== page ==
Finding the right sway bar link kit
CarParts.com carries a wide selection of sway bar kits for different makes and models. Our team of industry professionals has taken extra steps to ensure that only the best quality parts make it into our catalog. Start your search today by plugging in your vehicle’s correct year, make, and model into our website’s built-in vehicle selector to browse all compatible parts.
How to Install a Sway Bar Kit
You'll never really know the true meaning of "handling like a dream" without that resilient spring steel (a.k.a. the sway bar) to balance things out and reduce body roll. Tight turns and high-speed cornering? Don't you worry a thing! But if there's rapping or clunking noises and you notice erratic handling coupled with tire tread wear, then here are the steps for replacing the old sway bar:
Difficulty level: Moderate
For the front sway bar
What you need:
- Front sway bar kit
- Car lift
- 3/8-inch-drive air ratchet
- 3/8-inch-drive universal impact swivel
- 3/8-inch-drive impact socket set
- Hand wrench set
Step 1: Lift your vehicle and crawl underneath to see where the links of the front sway bar go.
Step 2: Use the socket, hand wrench, and air ratchet to hold the sway bar link connection, as you take out the link on each side. Depending on the connection of the link to the sway bar, you may use hex-head Allen wrenches and other tools to support the link while removing the retaining nut.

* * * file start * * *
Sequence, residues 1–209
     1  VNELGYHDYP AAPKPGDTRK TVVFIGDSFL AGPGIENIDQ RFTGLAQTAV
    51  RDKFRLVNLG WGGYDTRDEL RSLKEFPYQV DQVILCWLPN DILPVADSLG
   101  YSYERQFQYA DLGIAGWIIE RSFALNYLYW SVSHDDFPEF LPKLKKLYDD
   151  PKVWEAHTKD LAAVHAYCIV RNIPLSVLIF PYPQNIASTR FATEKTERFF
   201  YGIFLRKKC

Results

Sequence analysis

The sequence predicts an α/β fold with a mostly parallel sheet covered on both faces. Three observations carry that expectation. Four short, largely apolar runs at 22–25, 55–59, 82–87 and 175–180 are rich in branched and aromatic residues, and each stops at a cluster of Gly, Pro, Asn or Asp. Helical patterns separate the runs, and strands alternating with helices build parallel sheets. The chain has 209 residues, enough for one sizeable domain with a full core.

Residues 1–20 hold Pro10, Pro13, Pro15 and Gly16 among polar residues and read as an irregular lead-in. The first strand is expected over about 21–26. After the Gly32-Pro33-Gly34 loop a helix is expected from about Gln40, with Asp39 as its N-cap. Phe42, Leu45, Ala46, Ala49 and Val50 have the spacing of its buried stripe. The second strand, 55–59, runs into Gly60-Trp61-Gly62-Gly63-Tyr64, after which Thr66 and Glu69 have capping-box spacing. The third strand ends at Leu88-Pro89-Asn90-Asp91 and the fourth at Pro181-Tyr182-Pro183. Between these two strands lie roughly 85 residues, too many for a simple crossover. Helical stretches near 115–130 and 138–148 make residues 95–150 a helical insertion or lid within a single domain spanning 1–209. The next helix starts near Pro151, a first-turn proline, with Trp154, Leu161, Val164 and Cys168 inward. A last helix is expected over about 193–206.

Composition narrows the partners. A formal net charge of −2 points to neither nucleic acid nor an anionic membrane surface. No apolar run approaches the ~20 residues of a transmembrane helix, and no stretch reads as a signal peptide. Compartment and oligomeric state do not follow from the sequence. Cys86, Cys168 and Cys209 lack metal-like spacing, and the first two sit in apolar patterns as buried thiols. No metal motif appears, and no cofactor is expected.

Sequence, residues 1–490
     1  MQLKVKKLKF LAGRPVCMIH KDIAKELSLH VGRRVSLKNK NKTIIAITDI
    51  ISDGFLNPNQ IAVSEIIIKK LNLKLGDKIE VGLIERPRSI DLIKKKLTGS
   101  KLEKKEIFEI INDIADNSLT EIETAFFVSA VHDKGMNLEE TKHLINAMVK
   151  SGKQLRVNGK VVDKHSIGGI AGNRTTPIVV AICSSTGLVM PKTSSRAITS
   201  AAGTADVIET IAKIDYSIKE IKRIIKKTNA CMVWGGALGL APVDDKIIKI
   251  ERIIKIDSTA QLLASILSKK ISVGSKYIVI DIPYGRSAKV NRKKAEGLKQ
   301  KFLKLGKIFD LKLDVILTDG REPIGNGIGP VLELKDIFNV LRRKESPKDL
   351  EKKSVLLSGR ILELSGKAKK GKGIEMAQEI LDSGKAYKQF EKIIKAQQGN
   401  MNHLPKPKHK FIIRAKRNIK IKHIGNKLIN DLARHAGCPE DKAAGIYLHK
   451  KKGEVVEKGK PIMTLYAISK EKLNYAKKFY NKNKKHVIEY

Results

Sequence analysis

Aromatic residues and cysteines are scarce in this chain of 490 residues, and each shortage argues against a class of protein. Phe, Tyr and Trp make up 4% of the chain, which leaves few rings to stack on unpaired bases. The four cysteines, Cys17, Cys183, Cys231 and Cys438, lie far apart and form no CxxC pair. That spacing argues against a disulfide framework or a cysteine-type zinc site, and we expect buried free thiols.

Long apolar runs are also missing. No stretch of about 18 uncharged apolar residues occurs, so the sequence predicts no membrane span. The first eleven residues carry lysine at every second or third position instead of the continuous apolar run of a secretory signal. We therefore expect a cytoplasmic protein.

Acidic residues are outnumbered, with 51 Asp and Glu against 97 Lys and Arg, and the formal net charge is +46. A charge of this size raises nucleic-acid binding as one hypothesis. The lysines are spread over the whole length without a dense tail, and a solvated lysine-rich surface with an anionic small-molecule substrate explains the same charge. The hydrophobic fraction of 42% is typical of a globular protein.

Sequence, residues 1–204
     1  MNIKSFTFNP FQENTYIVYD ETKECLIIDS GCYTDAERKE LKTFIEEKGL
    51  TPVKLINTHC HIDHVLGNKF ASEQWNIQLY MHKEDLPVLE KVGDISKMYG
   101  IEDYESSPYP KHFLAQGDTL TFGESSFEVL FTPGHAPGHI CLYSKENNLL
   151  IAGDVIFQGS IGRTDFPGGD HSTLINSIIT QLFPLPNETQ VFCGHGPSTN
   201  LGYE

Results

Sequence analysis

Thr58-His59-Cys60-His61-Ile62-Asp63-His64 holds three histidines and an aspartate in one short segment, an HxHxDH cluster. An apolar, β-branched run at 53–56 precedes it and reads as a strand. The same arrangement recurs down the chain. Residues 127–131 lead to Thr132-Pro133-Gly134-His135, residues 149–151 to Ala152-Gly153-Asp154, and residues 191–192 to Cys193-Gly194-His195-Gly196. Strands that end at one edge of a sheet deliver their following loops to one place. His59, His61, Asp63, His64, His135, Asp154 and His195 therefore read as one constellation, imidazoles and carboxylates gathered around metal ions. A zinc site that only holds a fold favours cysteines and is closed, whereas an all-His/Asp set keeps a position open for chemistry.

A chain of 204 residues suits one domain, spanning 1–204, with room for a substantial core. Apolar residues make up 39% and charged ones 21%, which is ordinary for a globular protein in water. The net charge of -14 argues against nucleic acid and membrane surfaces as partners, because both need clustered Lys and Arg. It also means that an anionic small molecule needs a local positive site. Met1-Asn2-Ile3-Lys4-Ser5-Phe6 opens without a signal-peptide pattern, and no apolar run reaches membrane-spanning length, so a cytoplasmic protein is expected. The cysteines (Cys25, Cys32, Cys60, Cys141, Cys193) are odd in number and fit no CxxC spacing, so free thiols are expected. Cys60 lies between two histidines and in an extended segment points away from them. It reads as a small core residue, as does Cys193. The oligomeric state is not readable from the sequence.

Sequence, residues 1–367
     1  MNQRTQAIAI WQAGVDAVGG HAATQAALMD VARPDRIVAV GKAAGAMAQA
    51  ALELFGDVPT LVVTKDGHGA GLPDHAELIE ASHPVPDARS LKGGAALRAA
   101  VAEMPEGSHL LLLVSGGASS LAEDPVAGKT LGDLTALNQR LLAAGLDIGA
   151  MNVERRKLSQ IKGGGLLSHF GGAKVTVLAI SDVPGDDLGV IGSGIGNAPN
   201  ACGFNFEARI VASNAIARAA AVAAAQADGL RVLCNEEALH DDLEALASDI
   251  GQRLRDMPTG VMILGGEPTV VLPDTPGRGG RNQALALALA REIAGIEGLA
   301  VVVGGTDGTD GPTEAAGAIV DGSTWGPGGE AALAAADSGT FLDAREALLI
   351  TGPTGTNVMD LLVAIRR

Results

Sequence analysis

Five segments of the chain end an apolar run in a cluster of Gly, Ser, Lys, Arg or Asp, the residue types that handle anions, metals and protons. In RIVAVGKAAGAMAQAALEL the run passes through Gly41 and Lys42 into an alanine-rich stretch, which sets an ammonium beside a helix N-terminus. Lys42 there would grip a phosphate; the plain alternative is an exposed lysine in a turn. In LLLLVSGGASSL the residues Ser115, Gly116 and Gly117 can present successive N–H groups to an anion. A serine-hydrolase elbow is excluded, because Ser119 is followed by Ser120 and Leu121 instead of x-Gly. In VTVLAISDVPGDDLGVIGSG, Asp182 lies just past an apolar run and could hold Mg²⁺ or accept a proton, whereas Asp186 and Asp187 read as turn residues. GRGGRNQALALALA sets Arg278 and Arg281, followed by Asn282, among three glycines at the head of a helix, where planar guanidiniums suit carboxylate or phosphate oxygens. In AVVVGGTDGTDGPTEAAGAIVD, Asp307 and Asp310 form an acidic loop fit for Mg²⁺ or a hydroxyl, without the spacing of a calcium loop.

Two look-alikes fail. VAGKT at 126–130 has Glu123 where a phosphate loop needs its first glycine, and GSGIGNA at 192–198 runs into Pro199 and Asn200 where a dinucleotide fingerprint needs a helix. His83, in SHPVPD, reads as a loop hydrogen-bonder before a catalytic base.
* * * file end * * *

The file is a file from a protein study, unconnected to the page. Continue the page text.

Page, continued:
Step 3: Find the sway bar brackets simply by tracing the sway bar end links. For some models, you have to take out undercarriage parts to work on the brackets.
Step 4: With the air ratchet swivel and socket, remove the brackets' retaining bolts. If space is too tight, then use a hand wrench. Now pull out the sway bar.
Step 5: Set the new bushings on the sway bar replacement. After that, you have to change the brackets. Thread the bolts and nuts, but don't tighten them just yet.
Step 6: Hook up the sway bar end to the links and seal the sway bar links' retaining nuts. Now you can tighten the sway bracket's nuts and bolts.
For the rear sway bar
What you need:
- Rear sway bar kit
- Tape measure
- Jack and jack stands
- 3/8-inch ratchet and socket
- Open-end wrench set
Step 1: Using the jack, lift the vehicle and secure it with jack stands, so you can slide underneath.
Step 2: Grease the inside of the sway bar bushings. Put these bushings (included in the kit) into the sway bar by pushing it to the bar's middle part.
Step 3: Push the brackets over the torsion beam, the one that's linked to the rear suspension. Once they're sealed in place, check if the brackets are spaced evenly from side to side using a tape measure. With the open-end wrench and 3/8-inch ratchet and socket, secure the clamps (with the bolts) over the sway bar bushings.
Step 4: Raise the jack till it's at the bottom of the torsion beam. Then use the 3/8-inch ratchet and socket to remove the bolt/s of the shock. Thread the heims joints into the assembly using a lock nut (in the middle) to put together the end links.
Step 5: Make sure that the threads are halfway out of the collar-use a tape measure for this. Seal the heims joint to the shock hole with longer bolts. The sway bar should be fastened to the other end. See the part of the link that's not threaded? That should be on the bolt of the shock mount.
Step 6: Simply follow the same steps for the vehicle's other side. Finally, take the vehicle off the stands as you lower the jack.